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Paid family leave plan may cut from budget bill

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Paid family leave plan may cut from budget bill

Democrats are likely to abandon their plans to create a new federal paid family and medical leave program as part of their massive domestic policy package, yielding to opposition from Senator Joe Manchin III of West Virginia in a significant centrist swing vote. Is.

The concession was disclosed by three people familiar with the discussion, who described ongoing talks on condition of anonymity. It came after several days of hard negotiations to salvage the programme, which had been reduced from the already proposed dozen weeks to just four weeks to please Mr Manchin.

One of those close to the talks confirmed that Mr Munchkin’s opposition was the reason the provision would most likely be dropped, despite intense lobbying from his allies and outside advocacy groups.

Faced with unanimous Republican opposition to the massive social policy, climate and tax-raising plan, Democrats must hold together all 50 senators and some of their members in the House behind the plan to pass it. This complicates their efforts to reach a deal, even as they use a special budgeting process known as conciliation, which shields fiscal law from a filibuster. , to push it through without any Republican support.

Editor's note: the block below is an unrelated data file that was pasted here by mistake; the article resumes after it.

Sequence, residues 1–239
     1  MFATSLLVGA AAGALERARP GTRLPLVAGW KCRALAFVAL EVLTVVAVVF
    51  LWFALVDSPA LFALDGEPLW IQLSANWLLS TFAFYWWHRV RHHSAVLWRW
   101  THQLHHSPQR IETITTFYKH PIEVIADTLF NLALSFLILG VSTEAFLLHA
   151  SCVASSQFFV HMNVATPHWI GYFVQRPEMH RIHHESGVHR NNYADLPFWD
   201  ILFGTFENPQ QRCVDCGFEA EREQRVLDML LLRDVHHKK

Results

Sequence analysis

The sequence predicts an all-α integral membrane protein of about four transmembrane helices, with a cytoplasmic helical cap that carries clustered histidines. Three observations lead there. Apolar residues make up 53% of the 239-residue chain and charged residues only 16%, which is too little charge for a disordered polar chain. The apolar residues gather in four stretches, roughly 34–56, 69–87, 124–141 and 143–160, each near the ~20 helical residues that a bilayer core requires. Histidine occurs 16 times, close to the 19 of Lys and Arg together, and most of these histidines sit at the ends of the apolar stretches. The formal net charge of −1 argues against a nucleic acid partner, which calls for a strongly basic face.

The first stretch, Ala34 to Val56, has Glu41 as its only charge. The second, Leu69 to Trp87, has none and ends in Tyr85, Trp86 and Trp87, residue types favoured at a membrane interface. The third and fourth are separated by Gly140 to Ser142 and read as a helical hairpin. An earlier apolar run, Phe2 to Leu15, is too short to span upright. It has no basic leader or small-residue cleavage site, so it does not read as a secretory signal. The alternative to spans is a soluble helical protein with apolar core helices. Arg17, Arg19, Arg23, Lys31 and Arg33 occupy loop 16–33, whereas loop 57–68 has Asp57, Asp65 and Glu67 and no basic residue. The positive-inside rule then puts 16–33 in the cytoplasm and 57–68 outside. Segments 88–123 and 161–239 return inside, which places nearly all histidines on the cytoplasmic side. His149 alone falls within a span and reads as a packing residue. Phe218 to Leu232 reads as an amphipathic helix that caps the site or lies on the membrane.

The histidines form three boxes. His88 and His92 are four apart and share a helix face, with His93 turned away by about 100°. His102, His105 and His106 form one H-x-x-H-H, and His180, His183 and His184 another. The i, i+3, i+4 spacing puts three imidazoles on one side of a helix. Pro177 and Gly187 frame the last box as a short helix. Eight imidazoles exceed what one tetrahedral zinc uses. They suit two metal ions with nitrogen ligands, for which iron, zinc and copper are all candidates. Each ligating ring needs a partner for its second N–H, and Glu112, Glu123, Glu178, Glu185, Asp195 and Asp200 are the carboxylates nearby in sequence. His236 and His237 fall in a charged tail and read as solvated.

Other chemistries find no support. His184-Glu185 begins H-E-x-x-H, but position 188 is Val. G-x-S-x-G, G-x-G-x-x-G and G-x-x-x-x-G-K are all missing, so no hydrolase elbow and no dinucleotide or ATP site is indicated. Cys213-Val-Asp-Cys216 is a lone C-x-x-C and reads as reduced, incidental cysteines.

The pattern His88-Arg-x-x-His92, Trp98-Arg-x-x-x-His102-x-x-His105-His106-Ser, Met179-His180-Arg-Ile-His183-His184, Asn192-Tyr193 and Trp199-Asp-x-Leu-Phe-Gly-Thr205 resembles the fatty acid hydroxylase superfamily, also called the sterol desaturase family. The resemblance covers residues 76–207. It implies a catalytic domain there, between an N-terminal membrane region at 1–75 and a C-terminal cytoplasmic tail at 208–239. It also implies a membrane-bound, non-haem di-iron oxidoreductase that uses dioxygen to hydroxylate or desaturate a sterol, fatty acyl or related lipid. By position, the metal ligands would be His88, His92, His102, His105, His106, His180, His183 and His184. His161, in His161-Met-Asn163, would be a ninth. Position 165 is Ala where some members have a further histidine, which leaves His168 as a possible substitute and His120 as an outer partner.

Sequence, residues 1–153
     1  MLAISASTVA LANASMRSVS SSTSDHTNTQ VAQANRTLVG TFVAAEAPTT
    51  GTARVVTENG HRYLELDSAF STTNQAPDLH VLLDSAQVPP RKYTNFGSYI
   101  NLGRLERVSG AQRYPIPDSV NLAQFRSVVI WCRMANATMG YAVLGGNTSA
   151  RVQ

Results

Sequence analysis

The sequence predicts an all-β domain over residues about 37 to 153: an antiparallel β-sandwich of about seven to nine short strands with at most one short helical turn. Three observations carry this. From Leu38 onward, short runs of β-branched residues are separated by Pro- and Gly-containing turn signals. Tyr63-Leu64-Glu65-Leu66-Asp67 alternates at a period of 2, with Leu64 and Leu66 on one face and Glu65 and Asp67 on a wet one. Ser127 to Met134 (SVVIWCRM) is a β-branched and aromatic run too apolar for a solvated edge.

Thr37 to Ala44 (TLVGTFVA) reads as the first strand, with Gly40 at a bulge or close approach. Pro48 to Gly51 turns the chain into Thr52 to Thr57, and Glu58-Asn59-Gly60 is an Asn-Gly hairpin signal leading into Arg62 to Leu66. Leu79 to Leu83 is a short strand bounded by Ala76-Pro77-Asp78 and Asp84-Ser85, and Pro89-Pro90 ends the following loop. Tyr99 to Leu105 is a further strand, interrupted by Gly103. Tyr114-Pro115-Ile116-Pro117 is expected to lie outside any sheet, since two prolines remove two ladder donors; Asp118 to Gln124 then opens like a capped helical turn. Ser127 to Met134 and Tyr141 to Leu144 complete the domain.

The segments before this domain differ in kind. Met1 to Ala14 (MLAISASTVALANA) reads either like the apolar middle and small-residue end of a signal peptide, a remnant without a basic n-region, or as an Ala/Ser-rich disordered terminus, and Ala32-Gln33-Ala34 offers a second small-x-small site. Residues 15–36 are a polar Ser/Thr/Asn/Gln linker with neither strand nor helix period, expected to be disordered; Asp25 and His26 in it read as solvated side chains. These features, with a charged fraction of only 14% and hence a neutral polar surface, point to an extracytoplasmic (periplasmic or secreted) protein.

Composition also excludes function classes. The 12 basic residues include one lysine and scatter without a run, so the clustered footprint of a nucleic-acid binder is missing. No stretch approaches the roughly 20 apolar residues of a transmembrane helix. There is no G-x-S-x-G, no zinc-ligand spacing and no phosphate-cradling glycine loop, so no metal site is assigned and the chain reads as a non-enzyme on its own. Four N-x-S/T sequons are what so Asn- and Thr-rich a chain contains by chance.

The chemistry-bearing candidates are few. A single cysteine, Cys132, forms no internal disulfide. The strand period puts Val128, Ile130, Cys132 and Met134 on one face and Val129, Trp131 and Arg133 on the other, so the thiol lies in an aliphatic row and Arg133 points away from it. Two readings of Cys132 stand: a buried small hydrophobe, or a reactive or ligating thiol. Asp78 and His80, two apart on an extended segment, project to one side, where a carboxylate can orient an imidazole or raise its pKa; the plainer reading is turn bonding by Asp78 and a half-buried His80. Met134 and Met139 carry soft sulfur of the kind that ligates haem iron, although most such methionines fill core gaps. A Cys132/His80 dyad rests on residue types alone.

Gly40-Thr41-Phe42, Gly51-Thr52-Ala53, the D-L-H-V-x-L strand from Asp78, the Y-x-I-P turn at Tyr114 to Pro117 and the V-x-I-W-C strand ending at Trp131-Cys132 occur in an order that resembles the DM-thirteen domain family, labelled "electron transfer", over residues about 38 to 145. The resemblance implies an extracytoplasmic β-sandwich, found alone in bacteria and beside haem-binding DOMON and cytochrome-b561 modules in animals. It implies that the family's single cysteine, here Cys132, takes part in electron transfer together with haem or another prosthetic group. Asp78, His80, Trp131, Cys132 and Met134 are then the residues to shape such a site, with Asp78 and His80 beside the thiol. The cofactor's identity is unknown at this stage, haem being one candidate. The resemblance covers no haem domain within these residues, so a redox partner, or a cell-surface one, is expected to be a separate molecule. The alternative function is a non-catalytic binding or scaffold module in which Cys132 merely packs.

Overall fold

As Democrats increase their initial $3.5 trillion blueprint to nearly $1.5 trillion for a plan to accommodate Manchin and other middlemen, proposals to provide paid family and medical leave are in jeopardy. Senator Kirsten Gillibrand, a Democrat from New York, personally contacted Manchin to persuade him to accept a settlement on the program.

She vowed on Wednesday not to give up her pressure to include some version of paid leave benefits in the law.

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“Until the bill is published, I will continue to work to include paid leave in the Build Back Better plan,” Ms Gillibrand said in a statement.

Another Democrat, Senator Patty Murray of Washington, offered a scathing rebuke of Mr Manchin’s position, saying: “We won’t let millions of women in this country tell a man they can’t afford paid vacation.”

In a letter to her caucus on Wednesday, Speaker Nancy Pelosi said differences had narrowed over a number of spending issues, but “we are still fighting” for the holiday schedule.

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